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Want to overclock but don't know where to start.

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October 15, 2009 11:07:09 PM

I built a PC and had some problems with it and ended up frying the CPU (not from trying OC) so I brought it to a PC repair place they gave me an Intel Dual Core running at 1.8 ghz. I don't know the exact model (anyway I can find that out?). I have an nvidia 9800gtx+, 4gb of ram (only 32 bit so 3gb) and it seems my PC is running slower than usual(im on xp btw). I feel like my CPU is bottle necking my PC and I wan't to OC. I want to do it more so since I want to get more RAM and grab 64 bit Windows 7 when it comes out. I have a stock cooler so I will need to upgrade. I was thinking of getting one of those water cooling kits that are for the CPU only and its really easy to set up. http://www.xoxide.com/coolit-pure-cpucooler.html something like that. Anyway, I don't know where to start. I know that you can OC from BIOS but also from your desktop with a program but I hear BIOS is safer and more effective.

Thanks

More about : overclock start

October 16, 2009 12:49:45 PM

Downolad CPU-Z it will tell you what cpu you have, its probably E2160 and at stock speed its definately bottlenecking your gfx card.

If you want to OC than read this guide first - http://www.tomshardware.co.uk/forum/page-240001_11_0.ht...

You can OC to some point with the stock cooler, you just need to keep an eye on the temperatures(use CoreTemp or RealTemp for monitoring). Post when you have more questions, just say what motherboard you have(cpu-z should tell you that as well)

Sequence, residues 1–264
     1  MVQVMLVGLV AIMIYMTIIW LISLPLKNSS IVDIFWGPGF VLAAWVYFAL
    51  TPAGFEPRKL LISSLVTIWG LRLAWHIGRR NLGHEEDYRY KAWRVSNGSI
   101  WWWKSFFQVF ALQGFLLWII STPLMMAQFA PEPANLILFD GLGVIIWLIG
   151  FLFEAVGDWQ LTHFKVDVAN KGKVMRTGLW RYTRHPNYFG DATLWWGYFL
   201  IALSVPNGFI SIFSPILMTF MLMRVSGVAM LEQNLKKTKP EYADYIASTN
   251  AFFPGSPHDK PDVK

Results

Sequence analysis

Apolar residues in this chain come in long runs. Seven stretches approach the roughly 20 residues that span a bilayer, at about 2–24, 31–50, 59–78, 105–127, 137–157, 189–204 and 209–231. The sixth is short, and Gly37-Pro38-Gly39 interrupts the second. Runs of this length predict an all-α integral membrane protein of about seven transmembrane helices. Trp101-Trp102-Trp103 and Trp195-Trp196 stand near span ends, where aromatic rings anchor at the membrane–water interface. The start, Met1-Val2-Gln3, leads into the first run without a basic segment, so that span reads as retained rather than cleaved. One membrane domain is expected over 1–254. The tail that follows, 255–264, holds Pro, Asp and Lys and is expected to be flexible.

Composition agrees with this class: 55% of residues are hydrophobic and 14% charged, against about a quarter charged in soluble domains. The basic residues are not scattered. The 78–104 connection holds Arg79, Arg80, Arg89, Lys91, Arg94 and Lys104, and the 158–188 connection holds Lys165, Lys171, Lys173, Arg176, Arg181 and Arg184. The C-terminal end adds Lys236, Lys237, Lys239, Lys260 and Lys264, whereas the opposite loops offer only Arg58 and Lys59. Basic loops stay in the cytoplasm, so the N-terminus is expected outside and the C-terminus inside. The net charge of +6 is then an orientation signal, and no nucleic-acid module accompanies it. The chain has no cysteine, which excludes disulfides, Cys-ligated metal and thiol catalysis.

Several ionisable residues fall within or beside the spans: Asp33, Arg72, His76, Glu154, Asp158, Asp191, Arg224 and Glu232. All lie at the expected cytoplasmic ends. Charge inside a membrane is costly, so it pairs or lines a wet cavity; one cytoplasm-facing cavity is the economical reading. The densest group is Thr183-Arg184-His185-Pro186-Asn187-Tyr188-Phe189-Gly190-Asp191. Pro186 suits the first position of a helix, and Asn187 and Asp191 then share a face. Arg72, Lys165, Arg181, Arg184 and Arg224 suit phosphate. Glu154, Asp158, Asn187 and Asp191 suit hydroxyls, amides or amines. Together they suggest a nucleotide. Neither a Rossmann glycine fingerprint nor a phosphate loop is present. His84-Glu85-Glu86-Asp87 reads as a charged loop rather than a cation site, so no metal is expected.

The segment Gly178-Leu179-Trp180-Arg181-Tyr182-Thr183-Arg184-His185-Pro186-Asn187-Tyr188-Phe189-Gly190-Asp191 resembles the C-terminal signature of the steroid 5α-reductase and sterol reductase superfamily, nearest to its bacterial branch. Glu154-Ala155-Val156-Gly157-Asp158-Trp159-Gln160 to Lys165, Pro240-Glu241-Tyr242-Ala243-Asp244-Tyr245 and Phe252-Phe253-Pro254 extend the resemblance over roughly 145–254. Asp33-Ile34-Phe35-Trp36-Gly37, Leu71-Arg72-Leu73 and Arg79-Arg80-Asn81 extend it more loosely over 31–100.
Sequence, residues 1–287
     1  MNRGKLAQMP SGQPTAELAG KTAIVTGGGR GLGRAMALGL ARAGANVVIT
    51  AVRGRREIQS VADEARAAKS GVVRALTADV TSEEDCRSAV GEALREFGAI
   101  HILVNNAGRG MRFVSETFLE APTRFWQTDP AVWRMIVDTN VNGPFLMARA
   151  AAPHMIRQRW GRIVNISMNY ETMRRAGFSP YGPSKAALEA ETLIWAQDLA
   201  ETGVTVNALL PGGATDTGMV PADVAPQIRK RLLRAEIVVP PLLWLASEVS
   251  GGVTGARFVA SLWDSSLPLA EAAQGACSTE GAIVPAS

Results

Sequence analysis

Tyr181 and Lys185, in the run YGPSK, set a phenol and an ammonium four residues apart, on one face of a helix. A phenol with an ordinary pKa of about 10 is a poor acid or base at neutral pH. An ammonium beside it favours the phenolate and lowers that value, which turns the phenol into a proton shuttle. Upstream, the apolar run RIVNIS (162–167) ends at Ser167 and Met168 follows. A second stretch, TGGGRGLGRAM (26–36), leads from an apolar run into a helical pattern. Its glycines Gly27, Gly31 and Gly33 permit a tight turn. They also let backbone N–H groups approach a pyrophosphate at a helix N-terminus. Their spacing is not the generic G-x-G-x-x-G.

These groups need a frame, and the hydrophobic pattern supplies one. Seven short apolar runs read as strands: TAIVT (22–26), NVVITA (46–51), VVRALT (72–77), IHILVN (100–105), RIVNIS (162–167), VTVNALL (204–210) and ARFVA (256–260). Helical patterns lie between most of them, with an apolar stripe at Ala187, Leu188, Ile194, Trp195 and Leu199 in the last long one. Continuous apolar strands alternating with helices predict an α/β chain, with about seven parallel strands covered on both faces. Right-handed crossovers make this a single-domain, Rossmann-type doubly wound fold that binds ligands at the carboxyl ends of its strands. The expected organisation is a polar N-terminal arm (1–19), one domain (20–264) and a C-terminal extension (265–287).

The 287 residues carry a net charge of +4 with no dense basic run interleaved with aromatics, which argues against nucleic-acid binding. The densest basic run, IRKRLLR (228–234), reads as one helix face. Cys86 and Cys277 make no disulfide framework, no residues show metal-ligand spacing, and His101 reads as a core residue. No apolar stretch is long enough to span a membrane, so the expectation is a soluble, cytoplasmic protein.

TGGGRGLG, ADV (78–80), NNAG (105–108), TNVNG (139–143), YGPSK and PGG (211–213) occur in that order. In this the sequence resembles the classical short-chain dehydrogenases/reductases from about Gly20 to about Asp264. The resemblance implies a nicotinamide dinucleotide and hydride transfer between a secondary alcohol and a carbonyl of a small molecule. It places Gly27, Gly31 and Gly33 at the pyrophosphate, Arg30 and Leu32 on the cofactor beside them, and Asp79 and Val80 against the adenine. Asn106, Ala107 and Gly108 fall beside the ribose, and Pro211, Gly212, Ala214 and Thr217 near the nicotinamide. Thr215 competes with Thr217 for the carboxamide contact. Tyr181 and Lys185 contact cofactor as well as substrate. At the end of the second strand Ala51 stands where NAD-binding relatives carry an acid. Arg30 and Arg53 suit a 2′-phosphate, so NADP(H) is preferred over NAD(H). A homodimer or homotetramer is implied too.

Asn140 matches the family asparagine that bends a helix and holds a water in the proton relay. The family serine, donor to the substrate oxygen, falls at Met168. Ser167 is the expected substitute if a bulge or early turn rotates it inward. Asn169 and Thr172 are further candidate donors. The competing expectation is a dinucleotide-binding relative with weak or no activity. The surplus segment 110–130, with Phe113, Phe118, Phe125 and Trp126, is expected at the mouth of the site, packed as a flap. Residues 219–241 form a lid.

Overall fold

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October 16, 2009 9:16:41 PM

Thanks, I have an E6300 and my mobo is an Intel DP45SG btw.
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October 17, 2009 5:58:53 PM

OK, but is that E6300 the "1.86ghz Core 2 Duo" or maybe "2.8ghz Dual Core" as they come with the same name e6300. Regardless which one is it the procedure is pretty much the same - increase the system bus frequency bit by bit and test for stability while watching temperatures. The guide i linked above will explain everything. Also, google "Overclocking on dp45sg" and read read read...
I had a look on some reviews of that water cooling system and it seems that while it is good its not that much better than quality air cooler while being twice as expensive, i guess the choice is yours. But like I said above, depending on ambient temp and case ventilation 2.5-3ghz is within reach even on stock cooler.
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October 19, 2009 1:29:28 PM

Intel motherboards are generally not good overclockers.

This should be your first stop.
HOWTO: Overclock C2Q (Quads) and C2D (Duals) - Guide v1.6.1
http://www.tomshardware.com/forum/240001-29-howto-overc...

This should be your second stop. You need to know something about thermal management or you can fry your CPU. It's actually kind of difficult to fry a modern CPU, but it is possible.
Core 2 Quad and Duo Temperature Guide
http://www.tomshardware.com/forum/221745-29-core-quad-t...

Third stop will be a guide for your particular motherboard. Google is your friend.

You should be able reach 3 GHz with the stock cooler. For anything higher, you will need better cooling. Here are two under $50 heatsinks that are pretty popular:
Sunbeam
http://www.newegg.com/Product/Product.aspx?Item=N82E168...
Xigmatec Dark Knight
http://www.newegg.com/Product/Product.aspx?Item=N82E168...

They both require a somewhat different approach to applying thermal compound.
Suggestions for applying thermal compound:
http://benchmarkreviews.com/index.php?option=com_conten...

And they are pretty large, so they might not fit inside your case.

Go through the first two threads. Do not do anything until you have a good idea about what you are trying to do. Once you have definite questions (you will, you will :) ), come back and ask.

Keep in mind that these are guides, not cookbooks. YMMV. Your Mileage May Vary. Because of all the variables, you may not do as well as someone else with a similar system. Or you might do better.
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Overclocking since 1978 - Z80 (TRS-80) from 1.77 MHz to 2.01 MHz
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